sunset from behind the wire

sunset from behind the wire

Thursday, August 1, 2013

Simunition (a perspective)

Simunition
Back when simunition first came out (non-lethal ammunition that police and military people fire from their weapons in training situations that splatters rather than killing) the US Navy sent me to a USDOJ training class on hostage negotiation and rescue at Quantico, VA to better learn how USDOJ did it. The instructors, many and varied, told us that, "in a hostage situation, the hostage has no value". We went out for a practical exercise and I became the voice of the student negotiators to negotiate and demonstrate with the pretend hostage taker while being evaluated by FBI experts. Instructors explained that if we did a good job, the situation would be defused that the hostage would be released and the hostage taker could be taken safely into custody.
In the real world, "taken into custody", meant that the hostage taker would face a lengthy trial at public expense and incarceration for a long period of time at public expense.
In this training scenario, the hostage and hostage taker wore protective clothing and goggles. I had a bull horn and a handgun loaded with simunition. The scenario called for me to negotiate. The scenario's hostage taker had an arm around the hostage's neck and used him as a body shield. He said something. I replied, "I can't hear you." He stuck his head out next to the hostage's in order to speak more clearly and I shot him in the nose.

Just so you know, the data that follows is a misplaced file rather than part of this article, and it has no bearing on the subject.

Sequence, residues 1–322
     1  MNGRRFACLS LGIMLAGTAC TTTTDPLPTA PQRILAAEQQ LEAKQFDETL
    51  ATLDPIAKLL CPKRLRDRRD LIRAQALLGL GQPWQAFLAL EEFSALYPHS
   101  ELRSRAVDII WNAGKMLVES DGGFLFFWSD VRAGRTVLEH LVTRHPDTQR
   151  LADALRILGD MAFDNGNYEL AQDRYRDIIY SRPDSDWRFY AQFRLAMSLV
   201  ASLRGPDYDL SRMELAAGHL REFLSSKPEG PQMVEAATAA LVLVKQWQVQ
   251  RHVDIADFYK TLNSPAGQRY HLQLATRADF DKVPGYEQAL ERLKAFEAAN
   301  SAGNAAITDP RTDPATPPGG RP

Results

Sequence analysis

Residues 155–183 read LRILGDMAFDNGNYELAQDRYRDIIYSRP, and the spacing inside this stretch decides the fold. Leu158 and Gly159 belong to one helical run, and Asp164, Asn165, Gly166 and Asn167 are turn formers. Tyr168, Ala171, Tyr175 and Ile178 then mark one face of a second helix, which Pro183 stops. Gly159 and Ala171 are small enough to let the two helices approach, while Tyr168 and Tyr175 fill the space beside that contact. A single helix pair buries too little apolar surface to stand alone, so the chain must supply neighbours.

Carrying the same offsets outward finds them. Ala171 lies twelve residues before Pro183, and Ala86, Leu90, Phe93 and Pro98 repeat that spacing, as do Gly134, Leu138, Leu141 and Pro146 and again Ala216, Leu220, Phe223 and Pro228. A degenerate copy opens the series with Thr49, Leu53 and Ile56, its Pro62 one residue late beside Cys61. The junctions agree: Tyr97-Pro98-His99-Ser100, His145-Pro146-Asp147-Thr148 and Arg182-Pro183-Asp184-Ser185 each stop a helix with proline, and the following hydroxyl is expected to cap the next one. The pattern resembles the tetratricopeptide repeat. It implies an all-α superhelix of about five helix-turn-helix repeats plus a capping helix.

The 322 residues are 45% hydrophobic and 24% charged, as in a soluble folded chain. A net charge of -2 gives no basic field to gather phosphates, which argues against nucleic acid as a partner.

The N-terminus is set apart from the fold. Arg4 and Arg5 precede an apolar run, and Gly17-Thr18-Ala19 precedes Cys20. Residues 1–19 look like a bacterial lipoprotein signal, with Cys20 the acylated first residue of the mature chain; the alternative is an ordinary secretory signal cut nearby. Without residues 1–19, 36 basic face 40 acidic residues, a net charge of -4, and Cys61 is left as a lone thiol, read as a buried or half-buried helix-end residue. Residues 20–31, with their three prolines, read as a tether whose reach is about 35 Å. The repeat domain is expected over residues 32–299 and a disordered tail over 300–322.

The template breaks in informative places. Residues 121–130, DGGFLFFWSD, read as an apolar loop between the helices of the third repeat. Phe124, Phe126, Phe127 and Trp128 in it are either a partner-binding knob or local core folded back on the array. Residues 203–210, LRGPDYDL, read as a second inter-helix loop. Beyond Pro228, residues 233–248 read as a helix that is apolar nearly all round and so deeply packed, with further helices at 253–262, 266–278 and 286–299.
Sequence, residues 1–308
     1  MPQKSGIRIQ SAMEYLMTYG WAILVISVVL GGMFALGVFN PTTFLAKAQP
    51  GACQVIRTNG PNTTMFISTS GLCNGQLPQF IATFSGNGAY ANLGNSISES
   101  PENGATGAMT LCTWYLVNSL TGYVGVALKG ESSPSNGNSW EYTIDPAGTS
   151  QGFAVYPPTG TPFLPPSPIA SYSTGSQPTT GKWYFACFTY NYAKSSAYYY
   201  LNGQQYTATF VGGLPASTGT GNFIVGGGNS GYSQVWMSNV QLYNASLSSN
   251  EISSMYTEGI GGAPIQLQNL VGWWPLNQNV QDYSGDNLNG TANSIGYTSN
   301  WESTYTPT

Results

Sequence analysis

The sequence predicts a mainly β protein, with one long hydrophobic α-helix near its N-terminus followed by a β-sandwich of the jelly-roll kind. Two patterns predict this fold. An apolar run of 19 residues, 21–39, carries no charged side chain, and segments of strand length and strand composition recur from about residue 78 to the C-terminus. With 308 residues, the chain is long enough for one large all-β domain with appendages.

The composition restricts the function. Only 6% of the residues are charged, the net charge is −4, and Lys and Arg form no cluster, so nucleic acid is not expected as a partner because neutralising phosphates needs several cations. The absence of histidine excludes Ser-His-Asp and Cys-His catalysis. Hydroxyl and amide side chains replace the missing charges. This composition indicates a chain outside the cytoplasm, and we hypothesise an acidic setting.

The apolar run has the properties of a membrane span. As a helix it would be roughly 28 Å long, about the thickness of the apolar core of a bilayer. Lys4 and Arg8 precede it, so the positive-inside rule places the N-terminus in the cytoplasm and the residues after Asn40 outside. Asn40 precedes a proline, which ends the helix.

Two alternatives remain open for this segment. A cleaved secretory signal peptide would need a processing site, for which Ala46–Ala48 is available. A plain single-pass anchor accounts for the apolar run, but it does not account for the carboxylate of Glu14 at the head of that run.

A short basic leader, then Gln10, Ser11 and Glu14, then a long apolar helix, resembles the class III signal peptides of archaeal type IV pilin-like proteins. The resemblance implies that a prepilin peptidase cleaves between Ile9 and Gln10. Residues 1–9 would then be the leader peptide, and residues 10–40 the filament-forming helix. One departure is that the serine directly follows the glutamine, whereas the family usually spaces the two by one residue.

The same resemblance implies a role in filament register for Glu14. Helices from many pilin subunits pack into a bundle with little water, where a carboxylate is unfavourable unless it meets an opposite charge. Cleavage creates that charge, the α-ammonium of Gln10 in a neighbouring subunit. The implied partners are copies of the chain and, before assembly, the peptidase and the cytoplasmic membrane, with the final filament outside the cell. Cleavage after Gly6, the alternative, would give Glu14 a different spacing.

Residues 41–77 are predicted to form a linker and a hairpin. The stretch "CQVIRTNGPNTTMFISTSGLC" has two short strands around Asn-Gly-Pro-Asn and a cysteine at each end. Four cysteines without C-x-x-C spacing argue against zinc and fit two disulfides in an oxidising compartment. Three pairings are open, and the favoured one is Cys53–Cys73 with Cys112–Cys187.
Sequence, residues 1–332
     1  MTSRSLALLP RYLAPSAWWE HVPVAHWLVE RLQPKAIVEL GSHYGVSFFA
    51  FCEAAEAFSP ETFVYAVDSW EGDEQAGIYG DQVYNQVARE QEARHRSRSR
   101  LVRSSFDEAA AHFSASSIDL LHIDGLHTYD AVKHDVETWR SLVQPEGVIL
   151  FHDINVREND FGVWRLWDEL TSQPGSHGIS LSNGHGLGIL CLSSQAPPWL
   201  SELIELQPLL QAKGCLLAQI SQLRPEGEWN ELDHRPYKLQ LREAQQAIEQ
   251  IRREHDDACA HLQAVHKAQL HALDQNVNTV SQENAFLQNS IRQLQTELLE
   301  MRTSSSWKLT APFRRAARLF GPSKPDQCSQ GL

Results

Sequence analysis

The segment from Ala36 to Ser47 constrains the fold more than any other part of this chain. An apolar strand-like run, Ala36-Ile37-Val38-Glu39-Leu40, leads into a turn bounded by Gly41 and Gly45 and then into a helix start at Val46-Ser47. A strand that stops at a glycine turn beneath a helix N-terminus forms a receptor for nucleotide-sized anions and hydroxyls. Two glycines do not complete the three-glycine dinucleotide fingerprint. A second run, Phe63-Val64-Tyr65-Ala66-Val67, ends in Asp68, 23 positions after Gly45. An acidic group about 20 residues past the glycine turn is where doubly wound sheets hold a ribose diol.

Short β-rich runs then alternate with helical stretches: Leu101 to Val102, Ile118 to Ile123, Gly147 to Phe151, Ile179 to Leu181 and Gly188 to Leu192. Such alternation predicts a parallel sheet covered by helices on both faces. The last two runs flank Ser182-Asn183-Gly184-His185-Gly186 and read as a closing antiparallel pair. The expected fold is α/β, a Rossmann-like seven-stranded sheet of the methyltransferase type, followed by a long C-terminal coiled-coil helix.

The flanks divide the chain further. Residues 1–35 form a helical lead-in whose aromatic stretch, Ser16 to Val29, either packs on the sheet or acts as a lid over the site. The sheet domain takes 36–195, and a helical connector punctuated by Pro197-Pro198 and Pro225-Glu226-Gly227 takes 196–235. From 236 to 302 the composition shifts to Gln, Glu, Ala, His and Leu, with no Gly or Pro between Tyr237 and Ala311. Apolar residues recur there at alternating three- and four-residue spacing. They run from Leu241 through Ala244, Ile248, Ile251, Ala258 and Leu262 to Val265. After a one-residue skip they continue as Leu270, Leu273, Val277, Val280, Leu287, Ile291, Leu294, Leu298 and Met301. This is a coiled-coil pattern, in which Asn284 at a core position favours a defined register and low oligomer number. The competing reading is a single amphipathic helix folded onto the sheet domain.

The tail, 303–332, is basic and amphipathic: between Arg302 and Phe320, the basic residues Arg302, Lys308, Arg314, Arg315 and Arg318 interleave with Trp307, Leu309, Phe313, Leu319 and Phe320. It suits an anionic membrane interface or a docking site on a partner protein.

The FBI instructor was furious both because I shot instead of negotiated and because his buddy's nose was lascerated by the simunition round. The pretend hostage taker was far more concerned with his nose than with the hostage, he released the simulated hostage and the "hostage" ran free.

The FBI instructor asked, "What were you thinking, LL?" He said, "You were supposed to negotiate with him, not hurt him, you #%& Navy asshole."

However, I think that this instructor, like the rest of modern DOJ, is missing the point.  It's not about negotiation with criminals. It's not about pandering to jihadis, it's not about glorifying gang members who prey on honest citizens and martyring the honest and faithful who protect themselves. Shooting the hostage taker in the nose ended the negotiation.
The goggles only covered his eyes. His nose was only protected by a knit ski mask - they took more care to find appropriate protective gear after that - "lesson learned".
Shooting the marathon bomber stopped his bombing days. Killing bin Laden kept him from further plotting. Does anyone remember Christopher Dorner, former LAPD reject last year? He burned to death in a cabin in the San Gorgornio mountains not far from from Los Angeles, thus ending the negotiation after he killed several police officers in a rampage through Southern California.